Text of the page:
Oniomania: Attempting to Buy Well-Being


Most of us understand the pleasure derived from purchasing something we want. Our brain’s pleasure center loves novelty, and our positive anticipation of enjoying the item stimulates good feelings.

Having this experience helps us understand how shopping can become a compulsive coping behavior for some people.

What Is Behind the Behavior

Compulsive shoppers are those who feel compelled to spend money despite problematic consequences such as closets full of unnecessary items, mounting credit card debt, or unpaid utility bills.

Like any compulsive behavior, once it is performed the individual has heightened feelings of well-being. They frequently experience a temporary sense of relief from uncomfortable emotions such as anxiety, anger, and sadness, or from an unnameable sense of internal pressure. Some compulsive shoppers spend money to relieve the discomfort of loss, childhood deprivation, or to bolster their self-esteem.

Shopping is also an expression of control and power. Compulsive shoppers may be struggling with issues of personal power or the desire to control their circumstances. There can also be underlying problems of depression, bipolar disorder, addiction, or hoarding issues.

Almost anyone you ask will tell you they have purchased items that they did not need with money they did not have. So, at what point does unwise spending slip into the realm of oniomania, or compulsive shopping?

Nine Compulsive Shopping Behaviors

People who observe three or more of the following behaviors may have a compulsive shopping problem:

  1. Shopping and spending money while feeling anxious, lonely, sad, or angry.
  2. Frequent arguments with family or friends about purchases or spending habits.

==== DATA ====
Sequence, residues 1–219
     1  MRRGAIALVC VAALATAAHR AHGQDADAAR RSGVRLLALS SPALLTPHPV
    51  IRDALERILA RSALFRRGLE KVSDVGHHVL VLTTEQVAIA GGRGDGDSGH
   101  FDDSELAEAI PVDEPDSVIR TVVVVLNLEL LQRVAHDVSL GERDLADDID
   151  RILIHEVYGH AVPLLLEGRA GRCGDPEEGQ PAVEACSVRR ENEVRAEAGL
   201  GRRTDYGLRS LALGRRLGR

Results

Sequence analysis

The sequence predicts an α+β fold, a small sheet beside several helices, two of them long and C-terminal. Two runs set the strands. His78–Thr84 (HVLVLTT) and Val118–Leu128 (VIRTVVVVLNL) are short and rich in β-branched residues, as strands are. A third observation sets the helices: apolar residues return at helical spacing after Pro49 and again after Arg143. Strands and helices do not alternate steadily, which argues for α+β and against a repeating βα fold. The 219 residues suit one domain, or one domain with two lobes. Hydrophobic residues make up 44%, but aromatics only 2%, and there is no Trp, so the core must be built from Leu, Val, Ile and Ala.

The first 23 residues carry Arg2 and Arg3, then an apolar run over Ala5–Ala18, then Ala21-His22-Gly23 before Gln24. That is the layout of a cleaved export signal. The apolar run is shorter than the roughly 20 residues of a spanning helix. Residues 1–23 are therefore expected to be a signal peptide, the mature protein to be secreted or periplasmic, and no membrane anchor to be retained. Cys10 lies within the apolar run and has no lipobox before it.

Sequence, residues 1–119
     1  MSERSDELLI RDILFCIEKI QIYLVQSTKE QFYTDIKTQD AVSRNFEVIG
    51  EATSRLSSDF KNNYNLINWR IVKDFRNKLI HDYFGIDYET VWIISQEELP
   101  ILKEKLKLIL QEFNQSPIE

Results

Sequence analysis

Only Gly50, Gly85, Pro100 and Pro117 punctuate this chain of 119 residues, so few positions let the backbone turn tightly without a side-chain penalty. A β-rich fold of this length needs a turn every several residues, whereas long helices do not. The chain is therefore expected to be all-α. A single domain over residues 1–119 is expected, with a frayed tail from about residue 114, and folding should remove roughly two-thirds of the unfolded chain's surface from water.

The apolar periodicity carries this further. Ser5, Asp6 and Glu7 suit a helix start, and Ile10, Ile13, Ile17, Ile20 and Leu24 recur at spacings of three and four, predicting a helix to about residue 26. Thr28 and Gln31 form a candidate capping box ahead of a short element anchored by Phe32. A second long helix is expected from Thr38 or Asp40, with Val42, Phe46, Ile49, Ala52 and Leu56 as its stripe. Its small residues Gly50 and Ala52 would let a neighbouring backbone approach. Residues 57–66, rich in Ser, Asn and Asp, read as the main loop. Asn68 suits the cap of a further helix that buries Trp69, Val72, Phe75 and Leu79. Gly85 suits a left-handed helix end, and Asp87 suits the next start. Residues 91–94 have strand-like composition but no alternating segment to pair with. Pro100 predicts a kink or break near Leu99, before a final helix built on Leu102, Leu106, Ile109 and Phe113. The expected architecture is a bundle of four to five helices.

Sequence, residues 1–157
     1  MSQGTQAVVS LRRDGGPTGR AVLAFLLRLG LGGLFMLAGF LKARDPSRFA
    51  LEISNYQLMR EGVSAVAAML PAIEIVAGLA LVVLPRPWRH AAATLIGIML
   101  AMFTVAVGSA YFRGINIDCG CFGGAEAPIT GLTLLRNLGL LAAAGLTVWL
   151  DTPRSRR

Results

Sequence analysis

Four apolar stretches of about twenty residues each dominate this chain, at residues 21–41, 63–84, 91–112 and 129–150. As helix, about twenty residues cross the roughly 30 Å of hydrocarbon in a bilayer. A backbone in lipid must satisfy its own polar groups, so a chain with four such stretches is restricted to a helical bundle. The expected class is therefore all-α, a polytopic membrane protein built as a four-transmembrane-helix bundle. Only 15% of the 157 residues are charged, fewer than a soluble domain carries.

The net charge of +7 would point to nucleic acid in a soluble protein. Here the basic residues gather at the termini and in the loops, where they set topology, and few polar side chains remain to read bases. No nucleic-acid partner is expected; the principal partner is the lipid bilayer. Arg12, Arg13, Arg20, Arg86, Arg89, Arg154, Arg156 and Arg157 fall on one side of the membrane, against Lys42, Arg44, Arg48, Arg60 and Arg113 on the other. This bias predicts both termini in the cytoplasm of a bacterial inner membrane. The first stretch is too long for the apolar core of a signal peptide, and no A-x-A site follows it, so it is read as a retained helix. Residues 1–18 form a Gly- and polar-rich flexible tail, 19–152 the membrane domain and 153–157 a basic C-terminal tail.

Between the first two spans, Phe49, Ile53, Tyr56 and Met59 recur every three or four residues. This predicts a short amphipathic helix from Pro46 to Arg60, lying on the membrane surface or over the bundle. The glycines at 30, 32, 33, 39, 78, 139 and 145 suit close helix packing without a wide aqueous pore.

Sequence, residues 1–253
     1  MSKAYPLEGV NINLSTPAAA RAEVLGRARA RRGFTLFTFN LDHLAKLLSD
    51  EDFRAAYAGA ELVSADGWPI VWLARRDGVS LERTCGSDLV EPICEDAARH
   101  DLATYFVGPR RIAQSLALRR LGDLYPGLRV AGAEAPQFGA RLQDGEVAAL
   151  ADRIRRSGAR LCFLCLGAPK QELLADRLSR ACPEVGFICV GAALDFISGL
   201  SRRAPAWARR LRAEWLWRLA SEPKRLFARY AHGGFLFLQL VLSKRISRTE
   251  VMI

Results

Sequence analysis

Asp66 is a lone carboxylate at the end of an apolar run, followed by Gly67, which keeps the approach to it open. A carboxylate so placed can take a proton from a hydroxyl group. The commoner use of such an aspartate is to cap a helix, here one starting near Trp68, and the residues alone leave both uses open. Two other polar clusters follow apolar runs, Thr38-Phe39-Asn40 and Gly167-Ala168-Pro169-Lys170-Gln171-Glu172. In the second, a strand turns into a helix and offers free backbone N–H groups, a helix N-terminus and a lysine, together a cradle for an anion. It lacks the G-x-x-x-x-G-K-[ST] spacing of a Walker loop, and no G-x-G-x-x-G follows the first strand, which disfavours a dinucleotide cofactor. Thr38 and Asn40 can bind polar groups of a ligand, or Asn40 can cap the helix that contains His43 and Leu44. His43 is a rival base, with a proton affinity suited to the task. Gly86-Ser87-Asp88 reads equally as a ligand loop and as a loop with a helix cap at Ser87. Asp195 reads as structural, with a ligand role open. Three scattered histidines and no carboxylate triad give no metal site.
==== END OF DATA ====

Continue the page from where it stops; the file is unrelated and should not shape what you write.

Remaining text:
3. Having to become increasingly creative or devious to pay the bills such as selling old Jewelry, using one credit card to pay another, finding ways to hide spending from significant others.
  4. Being dishonest with others about how much has been spent.
  5. Experiencing euphoria, an extreme high, when buying something.
  6. Feeling panic or lost without having credit cards at hand.
  7. Frequently returning purchased items because of shame or guilt over buying them.
  8. Buying things with plastic that would not have been bought using cash.
  9. When gift shopping for others, also buying a gift for one's self.

Why It's a Problem and Where to Find Help

All of us use coping behaviors to manage life’s stresses. Unfortunately, compulsive shopping is one of the more destructive ones because it undermines financial security. This is devastating not only for the individual but for those who support or depend on them as well. Plus, the deceptive behaviors necessary for compulsive shopping dissolve the trust that cements good relationships and eventually steals the shopper’s dignity and self-respect.

If you are a compulsive shopper, remember that you are not your behaviors. You are an amazing human being with strengths and weaknesses, struggling to feel good and enjoy life. The need is to find more positive ways of accomplishing that.

To get help with compulsive shopping, consider joining a support group, seeing a counselor or psychiatrist, searching out helpful resources, books, and online communities, or looking for spiritual assistance that is meaningful to you.

Source for nine shopping behaviors: The Hidden Problem of Compulsive Shopping

Photo by John Nyboer

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